I started a thread on the Parents board of the College Confidential discussion forum entitled Spring Break Destinations? that generated a lot of response. My purpose was to get parents' reports about where their college students were (or were not) going on spring break. There were some interesting responses, such as, " 'Re: How about home? I don't get this whole Spring Break craze. If my kids have extra money that they could spend on Spring break then they could help to pay off some of their college expenses now...' Agree 100%. I wonder how many of these kids taking spring break vacations are the same ones receiving need-based aid? Just wondering......show of hands, please."
The issue here is the economic hardships being faced by American families who have kids in college. One of the more passionate forum responses that speaks to these stresses states, "I'm with the folks who don't get the Spring Break thing. We parents can't afford to take off work to go on a spring break, but our kids do, with "their" money, ie, the money they have because we don't charge them for their phones/tuition/whatever? My kids wouldn't even ask. They know better. And when I was a college student, my folks would have told me that I had some nerve thinking I'd go off to some beach rather than come home and spend time with the family who has sacrificed their whole lives so that I could go to college. With some exceptions of course, this whole spring break party scene smacks of over-indulged, entitled children."
I received a press release this past week that cites a survey, which reports a surprisingly low number of college students flying to distant spring break locations. Take a look. You may be surprised.
Campus Dibs Research Reveals Only Six Percent of College
Students Plan to Fly to a Destination Location for Spring Break
In stark contrast to the traditional spring break spent partying on a faraway beach, data shows 94% of college students are opting for inexpensive alternatives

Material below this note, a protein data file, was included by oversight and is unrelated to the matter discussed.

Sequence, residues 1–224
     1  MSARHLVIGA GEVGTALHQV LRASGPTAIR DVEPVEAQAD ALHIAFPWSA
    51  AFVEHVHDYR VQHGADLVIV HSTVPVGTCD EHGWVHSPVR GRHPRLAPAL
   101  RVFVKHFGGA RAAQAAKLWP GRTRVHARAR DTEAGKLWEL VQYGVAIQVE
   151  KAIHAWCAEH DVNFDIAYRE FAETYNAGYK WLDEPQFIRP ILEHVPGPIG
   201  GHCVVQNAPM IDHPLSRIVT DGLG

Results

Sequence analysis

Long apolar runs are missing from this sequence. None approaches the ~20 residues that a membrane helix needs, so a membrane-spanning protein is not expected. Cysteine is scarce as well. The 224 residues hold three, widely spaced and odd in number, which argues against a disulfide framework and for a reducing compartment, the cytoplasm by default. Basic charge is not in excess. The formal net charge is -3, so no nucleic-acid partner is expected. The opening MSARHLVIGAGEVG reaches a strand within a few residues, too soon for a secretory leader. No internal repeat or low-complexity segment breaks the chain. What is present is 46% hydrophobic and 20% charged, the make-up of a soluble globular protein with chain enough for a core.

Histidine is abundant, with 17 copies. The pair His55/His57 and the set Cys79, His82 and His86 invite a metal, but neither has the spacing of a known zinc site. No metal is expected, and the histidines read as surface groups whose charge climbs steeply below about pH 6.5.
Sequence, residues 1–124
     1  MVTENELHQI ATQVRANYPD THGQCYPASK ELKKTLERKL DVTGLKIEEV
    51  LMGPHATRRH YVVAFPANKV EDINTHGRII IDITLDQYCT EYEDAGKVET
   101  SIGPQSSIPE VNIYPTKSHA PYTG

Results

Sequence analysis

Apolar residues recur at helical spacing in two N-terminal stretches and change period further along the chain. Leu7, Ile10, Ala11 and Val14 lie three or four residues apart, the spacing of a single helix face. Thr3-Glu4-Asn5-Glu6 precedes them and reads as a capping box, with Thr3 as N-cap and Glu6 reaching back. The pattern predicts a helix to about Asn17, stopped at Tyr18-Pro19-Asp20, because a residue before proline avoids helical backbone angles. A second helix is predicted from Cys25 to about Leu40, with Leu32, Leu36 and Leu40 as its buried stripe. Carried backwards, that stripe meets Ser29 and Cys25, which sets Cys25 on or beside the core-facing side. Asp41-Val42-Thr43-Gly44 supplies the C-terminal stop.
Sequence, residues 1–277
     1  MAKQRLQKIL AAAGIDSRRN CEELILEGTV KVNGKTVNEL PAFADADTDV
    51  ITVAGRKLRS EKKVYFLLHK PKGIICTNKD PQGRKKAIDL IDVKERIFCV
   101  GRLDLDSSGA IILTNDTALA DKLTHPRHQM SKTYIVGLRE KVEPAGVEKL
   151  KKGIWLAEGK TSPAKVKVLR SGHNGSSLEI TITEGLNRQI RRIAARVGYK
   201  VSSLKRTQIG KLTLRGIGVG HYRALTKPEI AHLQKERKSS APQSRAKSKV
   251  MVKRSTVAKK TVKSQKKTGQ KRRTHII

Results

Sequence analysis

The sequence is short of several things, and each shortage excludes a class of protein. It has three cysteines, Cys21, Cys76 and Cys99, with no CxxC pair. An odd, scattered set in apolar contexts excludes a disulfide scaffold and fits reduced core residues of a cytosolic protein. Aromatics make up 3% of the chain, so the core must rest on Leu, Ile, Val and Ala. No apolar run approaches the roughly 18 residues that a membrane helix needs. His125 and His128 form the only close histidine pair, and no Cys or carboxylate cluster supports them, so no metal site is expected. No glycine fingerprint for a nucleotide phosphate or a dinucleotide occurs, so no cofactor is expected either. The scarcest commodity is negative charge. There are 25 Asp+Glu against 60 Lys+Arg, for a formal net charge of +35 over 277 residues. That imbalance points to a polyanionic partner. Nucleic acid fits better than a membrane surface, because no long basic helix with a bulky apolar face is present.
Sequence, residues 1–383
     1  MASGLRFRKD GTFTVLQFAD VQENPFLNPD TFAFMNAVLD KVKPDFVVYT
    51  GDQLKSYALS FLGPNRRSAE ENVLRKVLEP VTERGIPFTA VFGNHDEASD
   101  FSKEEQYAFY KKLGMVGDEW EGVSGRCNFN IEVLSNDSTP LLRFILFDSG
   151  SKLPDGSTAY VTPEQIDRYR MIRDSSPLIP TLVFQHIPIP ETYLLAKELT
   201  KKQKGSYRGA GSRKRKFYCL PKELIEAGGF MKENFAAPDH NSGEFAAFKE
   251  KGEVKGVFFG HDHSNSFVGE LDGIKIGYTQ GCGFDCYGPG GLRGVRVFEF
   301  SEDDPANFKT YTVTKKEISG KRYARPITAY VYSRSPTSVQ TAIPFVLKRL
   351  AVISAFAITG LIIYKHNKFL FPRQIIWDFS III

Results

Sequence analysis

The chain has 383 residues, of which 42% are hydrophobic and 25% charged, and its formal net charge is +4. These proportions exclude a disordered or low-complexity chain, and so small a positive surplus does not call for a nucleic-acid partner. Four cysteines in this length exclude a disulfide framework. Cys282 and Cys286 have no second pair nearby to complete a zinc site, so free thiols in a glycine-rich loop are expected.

Contrary to the traditional spring break where tens of thousands of college students convene to party on sandy beaches or snowy mountains, research conducted by Campus Dibs (www.CampusDibs.com), a leading social commerce website connecting the campus community with deep discounts, indicates the college demographic is opting for cheaper alternatives. Among college students recently polled about their spring break plans, only six percent indicated that they are flying to a destination location to party, while 94 percent of students plan to spend their week off from school in other ways.
“Despite the iconic vision of MTV Spring Break, these findings show that the majority of college students are opting for cost-effective alternatives,” explains Garren Givens, co-founder and CEO of Campus Dibs. “While the underlying reasons for this behavioral shift are unknown, this cost-conscious outlook for vacation planning aligns with a larger cultural tendency toward frugality.”
Among the cheaper alternatives reported, hanging out around campus (42%), visiting parents (23%) and taking a road trip (22%) are found to be the most popular plans for fun on a budget.
* Hanging out around campus. Often referred to as a “staycation,” many frugal college students are opting to spend their vacation on campus and hang out with friends locally. This also included those who were planning to work, stick around for athletic obligations, study and other homebound activities.
* Going home to visit parents. “Well…if they’ll foot the food bill!” Visiting parents is often the most cost-effective way to travel, as there are generally no costs associated with room and board or meals.
* Taking a road trip. Even with gas prices on the rise, road trips often represent a more cost-effective means for getting away from campus. More than one in five students is ready to stock up on junk food, load up their iPod and hit the open road.
“Whether its due to the rising cost of tuition and textbooks or a general inclination towards financial responsibility, today’s students are in tune with how to save money and putting that knowledge to use,” adds Givens. “Bottom line: you can have a good time without spending too much money….our nation’s college students are telling us so.”
Is your college student spring broke? Let us know what your family plans include for spring break. Anyone heading to Mexico?
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